The final federal plan for the Merced River, which snakes through the floor of Yosemite Valley, permits recreational activities and caps the number of visitors to the valley floor.
An earlier draft of the Merced Wild and Scenic Rivers Plan would have ended bike rentals, shut down the ice skating rink, and taken out the historic Sugar Pine Bridge near the Ahwahnee Hotel.
Several groups committed to public access in the park objected, including business owners in nearby gateway communities.
So now the National Park Service has compromised on the ice rink – it’ll stay open but move away from the heart of the river plain, and the bridge, built in 1928, stays put. Yosemite will offer significantly more camping in the valley, and a few more hotel rooms.
The final plan is written to accommodate around 21,000 visitors at peak, a few thousand less than that on most busy days. The National Parks Conservation Association says the plan has succeeded in balancing competing interests.
This week the California Department of Transportation launched an education campaign with 700 electronic highway boards displaying the message: "Serious Drought. Help Save Water."
Leaders from cities, counties, tribes, and states around the U.S. held a closed-door meeting in Los Angeles today to offer federal officials their view on adapting to climate change and preparing for its hazards – including drought.
The Task Force on Climate Preparedness and Resilience has now met twice since being convened by President Barack Obama last fall. The group’s goal is a report to the White House, describing ways that federal agencies can cut red tape, streamline processes, and promote the ability of local agencies to respond to climate change.
Eight governors, including Jerry Brown, are on the task force. Other California participants include Sacramento Mayor Kevin Johnson, Los Angeles Mayor Eric Garcetti, and Santa Barbara Supervisor Salud Carbajal.
Garcetti characterized the conversation as “very specific.” Among the topics discussed were transportation, water policies, infrastructure, and disaster response.
The Metropolitan Water District, which serves 19 million people, has headquarters in downtown Los Angeles.
The water supplier for 19 million Southern Californians declared a “water supply alert” Tuesday, a designation that triggers more rebates for water conservation and underscores the urgency of the state’s thirst.
The move by the board of the Metropolitan Water District isn’t a surprise. At the end of January, water managers said they’d be seeking to double the funds available for conservation rebates, from $20 million to $40 million.
“We are taking an aggressive approach to lowering water use because Southern California must lead by example and take a statewide approach to this challenge,” said Jeffrey Kightlinger, the MWD’s general manager, in a written release. “California is one state. We all have an obligation to do our part and conserve water.”
Some Southern California cities, like Pasadena and Los Angeles, have restrictions in place for outdoor watering. The alert encourages Southern California communities that have not yet made local limits to do so now.
National Park Service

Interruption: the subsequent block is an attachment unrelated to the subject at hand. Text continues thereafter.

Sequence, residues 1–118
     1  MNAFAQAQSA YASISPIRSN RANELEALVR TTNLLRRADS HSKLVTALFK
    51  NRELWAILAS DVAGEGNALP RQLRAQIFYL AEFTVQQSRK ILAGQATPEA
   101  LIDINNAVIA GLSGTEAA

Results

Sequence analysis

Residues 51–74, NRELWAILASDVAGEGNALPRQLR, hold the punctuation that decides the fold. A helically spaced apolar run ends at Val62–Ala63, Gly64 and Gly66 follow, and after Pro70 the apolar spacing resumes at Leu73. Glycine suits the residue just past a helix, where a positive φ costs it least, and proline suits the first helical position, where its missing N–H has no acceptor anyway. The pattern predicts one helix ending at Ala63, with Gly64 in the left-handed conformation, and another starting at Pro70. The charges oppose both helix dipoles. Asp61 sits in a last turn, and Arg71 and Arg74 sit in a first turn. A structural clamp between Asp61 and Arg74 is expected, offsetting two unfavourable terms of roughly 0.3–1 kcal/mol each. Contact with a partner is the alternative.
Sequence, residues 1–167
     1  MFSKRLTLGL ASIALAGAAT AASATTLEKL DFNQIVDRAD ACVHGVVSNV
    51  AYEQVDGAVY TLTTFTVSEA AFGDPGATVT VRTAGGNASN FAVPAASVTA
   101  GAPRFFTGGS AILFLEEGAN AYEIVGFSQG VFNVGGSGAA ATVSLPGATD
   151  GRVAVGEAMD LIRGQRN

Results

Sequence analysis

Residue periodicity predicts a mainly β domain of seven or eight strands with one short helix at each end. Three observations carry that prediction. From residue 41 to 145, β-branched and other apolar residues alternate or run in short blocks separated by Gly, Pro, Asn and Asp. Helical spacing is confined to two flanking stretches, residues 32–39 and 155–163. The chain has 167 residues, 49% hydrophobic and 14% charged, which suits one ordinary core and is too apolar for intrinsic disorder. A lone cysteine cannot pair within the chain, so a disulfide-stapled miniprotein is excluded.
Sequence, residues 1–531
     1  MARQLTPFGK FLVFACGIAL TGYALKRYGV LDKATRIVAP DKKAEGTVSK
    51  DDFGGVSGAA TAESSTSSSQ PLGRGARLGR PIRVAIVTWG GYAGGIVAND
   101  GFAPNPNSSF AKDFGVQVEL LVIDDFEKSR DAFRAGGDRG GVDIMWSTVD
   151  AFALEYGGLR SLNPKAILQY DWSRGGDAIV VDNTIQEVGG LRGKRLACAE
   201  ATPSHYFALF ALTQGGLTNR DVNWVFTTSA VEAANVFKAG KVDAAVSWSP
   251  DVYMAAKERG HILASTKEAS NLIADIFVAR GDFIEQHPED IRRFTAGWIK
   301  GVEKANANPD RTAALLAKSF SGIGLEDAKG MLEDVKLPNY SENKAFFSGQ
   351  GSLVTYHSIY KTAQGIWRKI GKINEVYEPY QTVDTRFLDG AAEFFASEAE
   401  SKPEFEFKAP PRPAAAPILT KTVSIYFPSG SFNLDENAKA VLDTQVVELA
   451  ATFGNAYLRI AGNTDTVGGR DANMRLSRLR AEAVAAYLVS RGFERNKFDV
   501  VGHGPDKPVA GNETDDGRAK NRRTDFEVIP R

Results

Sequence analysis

This file photo shows P-32, one of three cubs recently born in the Santa Monica Mountains. P-32 was found to be inbred, according to preliminary DNA evidence. Lack of genetic diversity is one of many problems facing local mountain lion populations. Another is traffic. In recent weeks, cars have killed three mountain lion kittens in Southern California.
Courtesy of National Park Service.
Wildlife experts are pushing for a crossing for mountain lions near the Liberty Canyon exit on the 101 Freeway, seen here. Roads, particularly freeways, are one of the major challenges to the long-term survival of mountain lions in the Santa Monica Mountains, and a crossing here would connect terrain to the north.
It's not easy being a mountain lion in Southern California.
Three mountain lion kittens local to the region have died after being struck by vehicles in recent weeks. Wildlife experts in the mountains say the two separate incidents reflect the difficulty the big cats face in moving around an urbanized landscape.
“If we want to keep mountain lions in the Santa Monica Mountains, we need a better system of wildlife crossings,” said Dr. Seth Riley, an urban wildlife expert at Santa Monica Mountains National Recreation Area.
Essentially, mountain lions in the region lack enough terrain over which to roam.
Riley says Southern California’s mountain lions face more than just the danger of passing cars. Younger males require large swaths of territory; when roads are hard to cross, too many competitors bunch up rather than disperse, so mountain lions kill each other.
An employee wearing a breathing mask works at Exide Technologies, a battery recycling plant has discharged harmful amounts of lead into surrounding communities.
Vernon-based Exide, the battery recycler whose emissions have stirred public concerns about health impacts, has filed a lawsuit in LA Superior Court to have a recently-passed air quality rule scrubbed.
At issue is rule 1420.1, passed by the South Coast Air Quality Management District in January, which tightens limits for arsenic and other toxic chemicals in emissions.
Exide has asked a superior court judge to block enforcement of the rule. The company argues that, under the California Environmental Quality Act, air regulators were "arbitrary and capricious" in making a rule Exide's lawyers call "infeasible."
In a separate legal maneuver, the company has petitioned regulators directly, asking for more flexibility in implementing the rule.
In a written statement, the company’s Senior Director for Commercial Operations in the Recycling Group, E.N. “Bud” DeSart, emphasized that Exide remains committed to meeting emission limits, and does not dispute the need for them.